Alberta should learn from Quebec’s experience with Green Routes (http://routeverte.com/e/ ), which have been become tourism destinations for cyclists from around the world, supporting a network of restaurants, motels, and B&Bs sporting “Bienvenue Cyclistes” signs. My cycle touring has taken me to 29 U.S. states and eight Canadian provinces, and I have seen the benefits that dedicated infrastructure and tourism promotion can bring. In addition to Quebec, other examples include Prince Edward Island’s rail trails and Missouri’s KATY Trail. The Iron Horse Trail from St. Paul to Cold Lake could be such a tourism draw if it were not torn up by ATVs; perhaps a “bike lane” could be added to it.

 

As we move towards a greener future, I hope the government will give due consideration to the potential benefits of connected inter-urban bike infrastructure and cycle tourism.

 

Regards,

Bob Bott

(urban cyclist in Calgary since 1974, car-free since 2000)  

 

 

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bclark's picture

Some Further Info

Robert, you may find the following helpful, or at least interesting.

http://www.transportation.alberta.ca/Content/docType233/Production/Trail...

It's Alberta Transportations' 2015 document on Trails in Highway Rights-of-Way. When I read it, I found that, though it provides some very good guidance elements on trail development, the overall tone is discouraging towards the development of such trails.

Bike Calgary is currently involved as a stakeholder in the development of the Alberta Bicycle Facility Design Guide and one of our objectives is to push for the Guide to take a much more positive approach towards encouraging cycling and proper cycling accommodations.

There's more info at http://www.bikecalgary.org/alberta-bicycle-facility-design-guide if you are interested.

 

Robert Bott's picture

my response to the ministers

 

Dear Minister Miranda and colleagues,

Thank you for your Nov. 9 response to my Oct. 2 email. I have now had a chance to think about the issues, do some further research, and discuss with fellow cyclists.

 

First, I don’t think you should consider the “Great Trail” a bicycle amenity in those places, like the Iron Horse Trail, where ATVs are permitted. They wreck the surface by churning up sand and gravel. This was certainly the case in all such sections I’ve tried to ride in Ontario and Atlantic Canada and my one attempt on the Iron Horse some years ago. Not to mention the hazards created by high-speed users on ATVs and motorcycles. Even on a fat-tired mountain bike, it is an unfriendly environment that would definitely deter family cycling and timid riders. Only trails that ban motorized use (except maybe snowmobiles if there is no demand for XC skiing) can be considered as “bicycle trails.” I can’t even figure out from the Alberta TrailNet website which current or planned trails are non-motorized. You are not going to build a bicycle tourism industry like those in Quebec and Prince Edward Island with a discontinuous network where only some portions of routes are bike friendly.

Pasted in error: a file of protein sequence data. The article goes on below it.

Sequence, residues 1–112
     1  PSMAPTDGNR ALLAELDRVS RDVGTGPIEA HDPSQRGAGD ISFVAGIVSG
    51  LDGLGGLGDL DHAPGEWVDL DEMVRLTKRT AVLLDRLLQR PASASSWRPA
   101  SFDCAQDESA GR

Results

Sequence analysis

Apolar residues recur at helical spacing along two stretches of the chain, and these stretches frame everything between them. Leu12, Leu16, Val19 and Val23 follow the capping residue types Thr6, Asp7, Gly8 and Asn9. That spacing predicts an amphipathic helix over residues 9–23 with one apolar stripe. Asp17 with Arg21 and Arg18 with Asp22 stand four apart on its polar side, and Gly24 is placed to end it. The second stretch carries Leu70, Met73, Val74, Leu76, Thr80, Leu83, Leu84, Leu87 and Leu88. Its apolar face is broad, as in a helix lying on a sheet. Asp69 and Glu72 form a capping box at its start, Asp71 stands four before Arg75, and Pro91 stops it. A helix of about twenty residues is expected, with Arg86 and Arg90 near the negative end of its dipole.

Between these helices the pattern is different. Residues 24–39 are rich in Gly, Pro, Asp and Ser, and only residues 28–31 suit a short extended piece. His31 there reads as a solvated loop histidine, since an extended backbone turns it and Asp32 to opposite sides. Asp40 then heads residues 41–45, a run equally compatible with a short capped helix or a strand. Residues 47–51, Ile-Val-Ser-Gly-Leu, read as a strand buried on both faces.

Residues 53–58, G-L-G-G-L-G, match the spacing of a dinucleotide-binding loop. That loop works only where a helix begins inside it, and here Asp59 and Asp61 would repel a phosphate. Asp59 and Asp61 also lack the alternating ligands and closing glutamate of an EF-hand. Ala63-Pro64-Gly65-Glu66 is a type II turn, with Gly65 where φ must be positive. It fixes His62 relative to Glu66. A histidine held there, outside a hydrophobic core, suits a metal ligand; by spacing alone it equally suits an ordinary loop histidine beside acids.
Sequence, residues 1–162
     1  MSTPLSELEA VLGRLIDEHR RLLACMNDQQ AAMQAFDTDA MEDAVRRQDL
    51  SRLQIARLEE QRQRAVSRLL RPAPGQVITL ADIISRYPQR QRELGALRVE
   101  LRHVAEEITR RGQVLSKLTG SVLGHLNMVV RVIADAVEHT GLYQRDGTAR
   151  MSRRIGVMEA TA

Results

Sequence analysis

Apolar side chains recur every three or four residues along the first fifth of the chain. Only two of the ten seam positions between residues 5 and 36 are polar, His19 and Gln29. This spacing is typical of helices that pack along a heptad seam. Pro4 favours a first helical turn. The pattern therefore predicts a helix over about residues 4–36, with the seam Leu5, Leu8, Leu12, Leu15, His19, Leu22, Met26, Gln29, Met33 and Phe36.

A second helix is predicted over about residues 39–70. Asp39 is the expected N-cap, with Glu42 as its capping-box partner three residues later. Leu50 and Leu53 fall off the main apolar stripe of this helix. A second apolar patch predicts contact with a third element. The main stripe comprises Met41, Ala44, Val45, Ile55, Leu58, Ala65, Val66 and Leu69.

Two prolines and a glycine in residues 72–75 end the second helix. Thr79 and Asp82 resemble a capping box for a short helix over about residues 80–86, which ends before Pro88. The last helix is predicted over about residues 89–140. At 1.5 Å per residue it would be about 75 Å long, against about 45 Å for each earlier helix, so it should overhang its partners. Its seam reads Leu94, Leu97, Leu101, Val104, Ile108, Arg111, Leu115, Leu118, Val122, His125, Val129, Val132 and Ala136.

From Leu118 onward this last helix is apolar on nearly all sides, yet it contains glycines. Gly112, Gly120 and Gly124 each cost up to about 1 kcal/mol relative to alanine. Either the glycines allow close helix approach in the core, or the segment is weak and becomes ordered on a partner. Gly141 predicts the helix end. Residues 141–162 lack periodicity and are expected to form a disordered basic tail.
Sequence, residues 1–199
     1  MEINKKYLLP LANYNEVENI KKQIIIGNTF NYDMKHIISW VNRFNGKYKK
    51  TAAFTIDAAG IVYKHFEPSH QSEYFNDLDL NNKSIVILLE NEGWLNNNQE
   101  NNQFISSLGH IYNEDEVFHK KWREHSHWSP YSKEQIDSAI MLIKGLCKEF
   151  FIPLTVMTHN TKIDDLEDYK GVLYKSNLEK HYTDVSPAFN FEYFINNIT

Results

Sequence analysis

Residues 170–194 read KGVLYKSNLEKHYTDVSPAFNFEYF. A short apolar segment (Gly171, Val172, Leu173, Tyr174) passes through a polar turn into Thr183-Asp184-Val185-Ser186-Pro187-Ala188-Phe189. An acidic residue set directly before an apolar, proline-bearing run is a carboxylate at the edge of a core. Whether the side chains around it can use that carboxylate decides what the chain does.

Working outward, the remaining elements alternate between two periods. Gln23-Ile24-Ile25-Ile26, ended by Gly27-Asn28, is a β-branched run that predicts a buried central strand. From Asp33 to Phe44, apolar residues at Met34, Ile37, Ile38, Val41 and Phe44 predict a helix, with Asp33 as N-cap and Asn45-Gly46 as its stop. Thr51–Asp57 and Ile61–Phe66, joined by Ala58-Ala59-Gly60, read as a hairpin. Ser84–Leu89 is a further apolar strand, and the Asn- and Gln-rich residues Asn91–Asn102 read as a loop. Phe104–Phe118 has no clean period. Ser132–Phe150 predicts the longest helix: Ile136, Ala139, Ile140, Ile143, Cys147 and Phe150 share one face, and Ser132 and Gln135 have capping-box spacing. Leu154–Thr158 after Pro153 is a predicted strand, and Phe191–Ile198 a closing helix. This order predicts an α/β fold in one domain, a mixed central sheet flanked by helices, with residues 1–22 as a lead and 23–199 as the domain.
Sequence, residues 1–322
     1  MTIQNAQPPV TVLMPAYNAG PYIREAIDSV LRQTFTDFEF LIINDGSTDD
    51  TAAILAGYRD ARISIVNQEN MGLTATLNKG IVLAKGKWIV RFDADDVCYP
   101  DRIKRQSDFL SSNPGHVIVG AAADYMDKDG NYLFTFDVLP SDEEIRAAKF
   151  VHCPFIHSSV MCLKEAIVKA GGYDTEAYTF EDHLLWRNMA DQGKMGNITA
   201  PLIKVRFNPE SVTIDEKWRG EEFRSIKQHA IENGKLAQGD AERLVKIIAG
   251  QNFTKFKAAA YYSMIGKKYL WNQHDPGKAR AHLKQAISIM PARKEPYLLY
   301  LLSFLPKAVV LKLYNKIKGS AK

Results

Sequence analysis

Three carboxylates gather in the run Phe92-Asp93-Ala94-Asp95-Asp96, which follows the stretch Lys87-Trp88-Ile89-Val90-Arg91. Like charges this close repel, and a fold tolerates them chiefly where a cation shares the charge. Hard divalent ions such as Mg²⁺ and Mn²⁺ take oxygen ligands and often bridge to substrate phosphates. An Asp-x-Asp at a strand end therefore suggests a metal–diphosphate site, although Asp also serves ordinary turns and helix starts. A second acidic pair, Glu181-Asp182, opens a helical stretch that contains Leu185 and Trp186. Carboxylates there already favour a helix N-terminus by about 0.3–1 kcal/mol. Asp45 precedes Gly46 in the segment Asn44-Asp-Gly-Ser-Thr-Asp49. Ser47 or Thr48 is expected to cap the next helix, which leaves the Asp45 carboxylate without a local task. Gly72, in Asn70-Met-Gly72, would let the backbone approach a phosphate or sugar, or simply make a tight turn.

As a touring cyclist, I’m happy with any road that has at least a metre of shoulder—though dedicated trails are obviously safer and more pleasant. Many such trails are less direct, however, and often begin or end inconveniently. I host touring cyclists when they come through Calgary (through an international organization called Warmshowers.org) and meet others on my travels, so I know I’m not alone in this. My original point was that we have two very nice touring routes—Highway 21 and the 1A—that are interrupted by sections without shoulders. I was hoping something could be done about them. As mentioned, I have heard there may be progress regarding 1A. There are no jurisdictional issues for Highway 21 though, and a decent shoulder would also make those 20 km north of Delburne safer for motorists.

 

I had a look at the report on Trails in Highway Rights-of-Way, and I think Alberta Transportation is overly conservative and is trying to avoid responsibility for non-motorized transportation. If the federal government (in national parks) and Quebec (many Green Routes) can build pathways in rights-of-way, why can’t Alberta?  

 

This is the first I’ve heard about a complete Calgary-Airdrie-Red Deer-Edmonton pathway alignment. Will it be non-motorized? Will it be done in my lifetime (I’m 72)?

 

As to tourism promotion, I’ve ridden several times from Calgary to the U.S. border and the Crowsnest Pass as well as the mentioned Highway 21 route to Edmonton and the 1A between Calgary and Banff (and of course the federal Icefields Parkway, which has its bottlenecks too). We have some neat places that cyclists would enjoy. There is a growing interest in cycle touring in North America and internationally. That’s why I’d like to see us be more than merely a rather tedious section of people’s Trans-Canada rides. You’d be amazed how many riders are drawn to Quebec’s Green Routes and the PEI rail trail--and how much they spend there on food, accommodation, and other services.

 

In general, for both municipal and provincial infrastructure, I support the positions in Bike Calgary’s May 2016 submission to the Alberta Bicycle Facility Design Guide Steering Committee:

http://www.bikecalgary.org/files/forum/%25uid/AlbertaBicycleFacilityDesignGuideComments-NS.pdf

 

The Dutch have produced an excellent, comprehensive Handbook on Cycling-Inclusive Policy Development:

http://www.fietsberaad.nl/library/repository/bestanden/Cycling-handbook_secure.pdf

Regarding the secondary routes that I seek out on my tours (29 U.S. states and 8 provinces so far), the handbook notes:

Scenic Byway